Chris Campbell
I am not sure exactly how to review this book, except to say that I found it comforting, at times, and evasive, at others. Told from the perspective of a middle-aged priest at the end of his vocation, haunted by his years of service as a one-man clean-up crew for potential scandals in the Church around Nova Scotia, he reflects on his years as a priest. As I say, this is comforting at times (mostly because he gives credence to doubt and crises of faith and the mistakes/blunders we make in simply ...more
It was just okay for me. I wasn't keen on MacIntyre's style. It felt self-consciously oblique to me. Didn't find myself caring much about the main character. But it was an interesting and unusual perspective on child molestation and the Catholic church, and it never got sordid, so points for that.
I liked it, but I didn't love it. It was definitely a Cape Breton book, and I enjoyed the local-ness of it. The jumping from past to present got annoying really quickly, but I don't think it took away from the story at all. I'd like to read his memoirs now.
Tina Siegel
So I'd never read any of Linden MacIntyre's work. I knew him as a CBC host first, and an author second. But I'd heard a lot about this book, and it was available electronically when I was looking for my next read, so I downloaded it.

(Sidebar: I discover a lot of great writing this way. I recommend it.)

It was a good call.

'The Bishop's Man' revolves around a priest who, after years of faithfully helping his bishop clean up after pedophile colleagues, ends up in a small, East Coast parish very cl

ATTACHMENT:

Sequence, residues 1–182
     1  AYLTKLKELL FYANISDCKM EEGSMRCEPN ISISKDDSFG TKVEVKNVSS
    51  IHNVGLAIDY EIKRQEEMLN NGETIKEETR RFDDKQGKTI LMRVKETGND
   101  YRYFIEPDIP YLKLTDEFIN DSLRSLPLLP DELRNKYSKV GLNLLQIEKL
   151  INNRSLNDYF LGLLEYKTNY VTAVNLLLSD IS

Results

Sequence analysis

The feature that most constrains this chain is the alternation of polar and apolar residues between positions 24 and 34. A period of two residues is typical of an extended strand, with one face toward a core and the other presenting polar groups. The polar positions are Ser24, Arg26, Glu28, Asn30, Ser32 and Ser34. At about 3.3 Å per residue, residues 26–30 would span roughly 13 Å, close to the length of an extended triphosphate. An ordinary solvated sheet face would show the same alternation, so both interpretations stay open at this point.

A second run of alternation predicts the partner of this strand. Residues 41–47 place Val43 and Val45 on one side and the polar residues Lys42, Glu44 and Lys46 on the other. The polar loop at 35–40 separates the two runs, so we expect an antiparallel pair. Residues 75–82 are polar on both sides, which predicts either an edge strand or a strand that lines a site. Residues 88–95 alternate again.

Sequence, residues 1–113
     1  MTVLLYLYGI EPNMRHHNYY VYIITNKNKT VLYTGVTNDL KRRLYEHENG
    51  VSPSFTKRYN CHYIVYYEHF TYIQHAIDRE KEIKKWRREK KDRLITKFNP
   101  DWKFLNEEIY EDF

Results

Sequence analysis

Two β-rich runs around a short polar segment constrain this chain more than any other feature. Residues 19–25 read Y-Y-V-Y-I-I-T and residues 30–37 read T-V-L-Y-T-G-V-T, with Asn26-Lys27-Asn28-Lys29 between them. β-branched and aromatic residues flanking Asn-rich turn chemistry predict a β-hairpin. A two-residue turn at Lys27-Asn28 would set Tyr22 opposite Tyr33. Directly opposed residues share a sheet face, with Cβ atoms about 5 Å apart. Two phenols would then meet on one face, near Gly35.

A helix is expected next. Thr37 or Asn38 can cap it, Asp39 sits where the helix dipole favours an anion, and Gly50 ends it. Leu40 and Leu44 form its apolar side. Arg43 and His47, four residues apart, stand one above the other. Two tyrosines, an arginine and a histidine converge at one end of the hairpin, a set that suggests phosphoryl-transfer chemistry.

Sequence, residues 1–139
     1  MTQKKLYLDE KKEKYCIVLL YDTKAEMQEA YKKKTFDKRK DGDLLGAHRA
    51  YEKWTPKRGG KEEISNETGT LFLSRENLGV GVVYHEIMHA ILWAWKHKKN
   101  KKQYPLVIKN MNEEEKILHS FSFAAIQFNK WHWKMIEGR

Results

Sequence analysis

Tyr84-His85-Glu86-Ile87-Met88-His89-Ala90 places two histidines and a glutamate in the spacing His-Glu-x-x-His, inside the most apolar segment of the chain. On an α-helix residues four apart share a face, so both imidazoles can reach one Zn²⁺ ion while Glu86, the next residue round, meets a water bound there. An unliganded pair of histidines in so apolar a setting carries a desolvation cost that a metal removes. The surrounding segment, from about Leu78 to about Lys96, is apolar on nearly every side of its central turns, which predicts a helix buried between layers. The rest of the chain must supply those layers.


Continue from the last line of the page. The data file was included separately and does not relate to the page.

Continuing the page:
This is a story of faith,hope,and redemption. One man's struggle to come to terms with his past and move forward into the future. An evocative journey into understanding of what it means to straddle two worlds that one loses sight of what comes first, being a priest or being human. Learning,sometimes the hard way that there is always more to a situation than meets the eye.

The story of Duncan MacAskill describes both the physical and emotional landscape of the character and his surroundings. W
OK, but not great. Found the flashback/flashforward style a bit tedious at times. Wouldn't have been my choice for the Giller.
Good read. Story about the misbehavings of Catholic priests in the Cape Breton area. Duncan is the clean up man for the Bishop of Antigonish. Clean up as in avoiding bad press for the church with indiscretions with boys or women in the parish. begs the question why Catholic priests are celebate when they have the same feelings as men but supposedly cannot fulfill them in a normal sexual way. Duncan becomes an alcohlic and eventually retires to a home in Ontario for 40 days to dry out. He is the ...more
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  • A Good House
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  • A Good Man
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  • The Polished Hoe
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  • Kit's Law
  • Clara Callan
  • Two Solitudes
  • The Stone Carvers
  • Good to a Fault
  • River Thieves
  • The Disappeared
  • February
  • Indian Horse
  • Late Nights on Air
  • The Navigator of New York
Linden MacIntyre is the co-host of the fifth estate and the winner of nine Gemini Awards for broadcast journalism. His most recent book, a boyhood memoir called Causeway: A Passage from Innocence won both the Edna Staebler Award for Creative Non-Fiction and the Evelyn Richardson Prize for Non-Fiction.
More about Linden MacIntyre...

Other Books in the Series

The Cape Breton Trilogy (3 books)
  • The Long Stretch (The Cape Breton Trilogy #1)
  • Why Men Lie (The Cape Breton Trilogy #3)